What do you do when supply exceeds demand so badly that coming out of Thanksgiving, your company has to figure out what to do with more than 500,000 pounds of unsold turkeys? Oh, and it’s 1952.
If you’re Nebraska-based C.A. Swanson and Sons, known for frozen chicken pot pies, you start brainstorming. While the brainstorming took place, the story is that those turkeys traveled in 10 refrigerated railway cars back-and-forth from Nebraska to the east coast. The refrigeration units worked only if the cars were moving, you see.
The brainstorming (there are competing stories about this) led to a $0.98 ‘ready-to-heat’ meal consisting of turkey with cornbread dressing, gravy, peas and potatoes. That wasn’t cheap in 1953: it’s equivalent to almost $11 today.
🍴On September 10, 1953, Swanson introduced the first 'TV Dinner' pic.twitter.com/HYzfIITdD4
— RetroNewsNow (@RetroNewsNow) September 11, 2021
However, Swanson did not pioneer the technologies needed to create a “quick frozen” turkey dinner.
- 1925: Clarence Birdseye developed a method of “flash freezing” fish that created much smaller ice crystals than traditional (slow) freezing. The smaller crystals meant better flavor and texture when thawed.
- 1945: Maxson Food Systems, Inc. manufactured the first complete frozen meals, and they were served to military and civilian airplane passengers. The six ‘blue plate specials’ featured meat, potatoes and vegetables. The “Strato-Plate” meals were served on a compartmentalized paperboard tray. Maxson also sold “defreezing ovens.”
- 1949: Frozen Dinners, Inc. sold frozen meals served in aluminum trays in the Pittsburgh area. In 1952, the founders formed the Quaker State Food Corporation and expanded sales east of the Mississippi River.
- 1953: Swanson introduced the TV dinner (and a turkey pot pie). Some articles claim the year as 1954. However, the New York Times wrote about the TV dinner on 07 October 1953 and its advertising campaign on 19 December 1953.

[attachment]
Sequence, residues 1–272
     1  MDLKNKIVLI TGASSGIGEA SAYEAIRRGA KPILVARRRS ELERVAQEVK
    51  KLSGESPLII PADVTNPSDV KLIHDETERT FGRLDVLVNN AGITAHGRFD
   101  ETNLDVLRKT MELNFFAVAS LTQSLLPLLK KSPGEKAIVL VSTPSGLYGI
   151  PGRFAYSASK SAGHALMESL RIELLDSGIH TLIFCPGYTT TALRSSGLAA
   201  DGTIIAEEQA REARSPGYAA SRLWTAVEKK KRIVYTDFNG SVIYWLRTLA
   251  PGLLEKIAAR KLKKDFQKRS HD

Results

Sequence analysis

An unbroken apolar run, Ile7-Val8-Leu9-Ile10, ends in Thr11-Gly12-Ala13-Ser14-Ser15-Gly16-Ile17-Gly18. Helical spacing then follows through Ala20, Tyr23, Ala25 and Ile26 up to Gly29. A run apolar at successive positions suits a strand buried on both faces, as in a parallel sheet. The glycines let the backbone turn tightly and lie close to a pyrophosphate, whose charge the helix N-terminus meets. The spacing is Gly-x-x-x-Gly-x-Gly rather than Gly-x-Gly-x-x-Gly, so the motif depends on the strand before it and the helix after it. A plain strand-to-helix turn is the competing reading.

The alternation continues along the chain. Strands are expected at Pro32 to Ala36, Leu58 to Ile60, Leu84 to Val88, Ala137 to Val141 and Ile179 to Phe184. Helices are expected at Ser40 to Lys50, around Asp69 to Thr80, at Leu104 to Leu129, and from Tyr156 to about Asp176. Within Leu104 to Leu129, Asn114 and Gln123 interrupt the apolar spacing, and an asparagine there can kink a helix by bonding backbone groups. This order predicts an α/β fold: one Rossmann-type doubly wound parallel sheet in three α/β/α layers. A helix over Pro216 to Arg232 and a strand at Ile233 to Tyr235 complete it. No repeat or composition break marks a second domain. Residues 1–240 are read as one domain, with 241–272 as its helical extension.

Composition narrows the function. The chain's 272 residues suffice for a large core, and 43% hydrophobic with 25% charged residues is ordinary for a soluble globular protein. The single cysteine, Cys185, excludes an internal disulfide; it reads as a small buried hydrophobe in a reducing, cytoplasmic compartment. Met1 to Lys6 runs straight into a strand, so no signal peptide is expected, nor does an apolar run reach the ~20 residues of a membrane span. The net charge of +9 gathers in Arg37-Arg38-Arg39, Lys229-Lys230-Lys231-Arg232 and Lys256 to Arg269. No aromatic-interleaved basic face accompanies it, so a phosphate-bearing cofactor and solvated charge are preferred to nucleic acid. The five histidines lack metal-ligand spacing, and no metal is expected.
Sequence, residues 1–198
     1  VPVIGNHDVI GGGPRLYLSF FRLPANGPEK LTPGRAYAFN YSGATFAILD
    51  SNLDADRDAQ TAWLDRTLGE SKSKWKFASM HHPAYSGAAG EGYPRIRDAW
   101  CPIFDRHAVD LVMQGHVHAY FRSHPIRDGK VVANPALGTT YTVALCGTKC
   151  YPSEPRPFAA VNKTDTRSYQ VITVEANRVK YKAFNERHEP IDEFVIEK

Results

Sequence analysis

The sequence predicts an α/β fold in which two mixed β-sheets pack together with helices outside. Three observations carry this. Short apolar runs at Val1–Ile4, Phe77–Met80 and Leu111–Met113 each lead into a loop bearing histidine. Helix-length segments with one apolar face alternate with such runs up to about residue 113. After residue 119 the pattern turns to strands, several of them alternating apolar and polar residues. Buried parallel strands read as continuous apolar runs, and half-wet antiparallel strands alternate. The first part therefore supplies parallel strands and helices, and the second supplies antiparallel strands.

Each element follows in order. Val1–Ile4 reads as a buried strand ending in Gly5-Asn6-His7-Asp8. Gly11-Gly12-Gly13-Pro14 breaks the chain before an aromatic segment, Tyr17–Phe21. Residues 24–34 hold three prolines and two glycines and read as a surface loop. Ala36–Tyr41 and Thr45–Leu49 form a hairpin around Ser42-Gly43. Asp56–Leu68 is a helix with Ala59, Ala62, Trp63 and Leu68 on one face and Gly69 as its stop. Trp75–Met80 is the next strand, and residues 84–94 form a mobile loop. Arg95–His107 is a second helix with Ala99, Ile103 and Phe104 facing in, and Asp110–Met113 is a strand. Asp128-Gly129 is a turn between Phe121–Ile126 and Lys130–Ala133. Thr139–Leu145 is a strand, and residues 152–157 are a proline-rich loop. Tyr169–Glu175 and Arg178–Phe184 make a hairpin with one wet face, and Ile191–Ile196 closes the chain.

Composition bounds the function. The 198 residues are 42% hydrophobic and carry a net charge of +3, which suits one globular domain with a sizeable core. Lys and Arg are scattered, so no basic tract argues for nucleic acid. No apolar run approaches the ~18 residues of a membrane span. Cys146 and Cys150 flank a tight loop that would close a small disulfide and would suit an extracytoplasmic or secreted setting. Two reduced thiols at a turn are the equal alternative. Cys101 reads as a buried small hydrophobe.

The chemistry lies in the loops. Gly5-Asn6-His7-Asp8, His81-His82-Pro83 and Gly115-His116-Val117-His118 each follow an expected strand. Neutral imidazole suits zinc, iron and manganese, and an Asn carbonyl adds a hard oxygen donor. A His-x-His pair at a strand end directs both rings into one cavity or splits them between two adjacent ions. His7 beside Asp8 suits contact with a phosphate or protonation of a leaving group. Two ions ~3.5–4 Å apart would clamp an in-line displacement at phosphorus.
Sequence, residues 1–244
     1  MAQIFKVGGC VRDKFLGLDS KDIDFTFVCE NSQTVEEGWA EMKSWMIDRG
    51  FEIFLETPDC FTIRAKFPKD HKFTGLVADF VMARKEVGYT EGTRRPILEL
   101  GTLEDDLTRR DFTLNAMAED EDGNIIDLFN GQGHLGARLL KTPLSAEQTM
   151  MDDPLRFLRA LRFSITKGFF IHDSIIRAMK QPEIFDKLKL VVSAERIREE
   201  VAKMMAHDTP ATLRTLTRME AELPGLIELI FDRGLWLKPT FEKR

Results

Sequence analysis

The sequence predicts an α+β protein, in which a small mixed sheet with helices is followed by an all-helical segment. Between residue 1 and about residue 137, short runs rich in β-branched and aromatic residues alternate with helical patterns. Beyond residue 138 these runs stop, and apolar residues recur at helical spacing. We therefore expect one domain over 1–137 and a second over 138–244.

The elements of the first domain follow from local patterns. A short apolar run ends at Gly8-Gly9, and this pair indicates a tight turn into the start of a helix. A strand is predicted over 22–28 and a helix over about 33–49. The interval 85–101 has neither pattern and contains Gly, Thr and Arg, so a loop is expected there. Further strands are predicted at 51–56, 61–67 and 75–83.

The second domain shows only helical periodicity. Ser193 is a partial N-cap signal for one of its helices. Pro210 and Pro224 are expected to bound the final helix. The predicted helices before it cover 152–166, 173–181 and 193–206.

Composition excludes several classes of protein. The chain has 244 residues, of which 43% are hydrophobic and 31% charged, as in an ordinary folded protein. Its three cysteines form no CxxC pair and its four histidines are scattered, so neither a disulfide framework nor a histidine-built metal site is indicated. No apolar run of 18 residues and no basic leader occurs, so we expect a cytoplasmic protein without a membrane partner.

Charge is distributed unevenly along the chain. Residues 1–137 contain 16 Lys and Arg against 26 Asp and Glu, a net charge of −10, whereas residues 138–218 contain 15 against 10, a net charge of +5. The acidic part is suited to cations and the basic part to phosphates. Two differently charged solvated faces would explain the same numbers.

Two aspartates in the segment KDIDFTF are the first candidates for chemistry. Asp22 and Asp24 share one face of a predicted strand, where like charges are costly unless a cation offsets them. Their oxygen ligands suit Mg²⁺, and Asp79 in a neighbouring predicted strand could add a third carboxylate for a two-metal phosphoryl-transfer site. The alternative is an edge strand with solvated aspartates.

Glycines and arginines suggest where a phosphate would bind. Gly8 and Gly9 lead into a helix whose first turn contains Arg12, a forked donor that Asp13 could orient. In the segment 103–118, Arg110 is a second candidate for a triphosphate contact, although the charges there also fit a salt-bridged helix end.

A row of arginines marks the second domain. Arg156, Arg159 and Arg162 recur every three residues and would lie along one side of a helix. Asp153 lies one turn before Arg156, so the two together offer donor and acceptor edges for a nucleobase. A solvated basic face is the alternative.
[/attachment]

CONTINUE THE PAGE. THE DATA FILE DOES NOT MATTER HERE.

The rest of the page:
In 1954, Swanson sold more than 10,000,000 TV dinners. In 1955, 25,000,000.
Swanson had the right product at the right time.
Black-and-white television had invaded the average American home. By 1955, 3-in-5 homes had a TV. Technology often leads to altered behavior.
As home entertainment shifted from the piano (once a ubiquitous and nearly essential home accessory) to the big wooden box with its small flickering screen, the idea of watching—instead of listening to—programs at home seemed transformative, a tipping point into a changed world. Swanson’s marketers clearly realized that this was a medium you could tie your message to; after all, the company had not tried to market Radio Dinners.
Swanson stopped using “TV dinner” in 1962.
Campbell Soup Co. created the microwavable tray in 1986, truly launching the frozen meal market.
- A Brief History of the TV Dinner. Smithsonian Magazine.
- Culinary Curiosities: The Frozen TV Dinner Still a Note Option for Some. Food Service News.
- Defrosted Dinners. The New Yorker.
- First TV dinner is introduced. Packaging Digest.
- How 260 Tons of Thanksgiving Leftovers Gave Birth to an Industry. Smithsonian Magazine.
- Who “invented” the TV dinner? Library of Congress.
- Who invented the TV dinner? History.com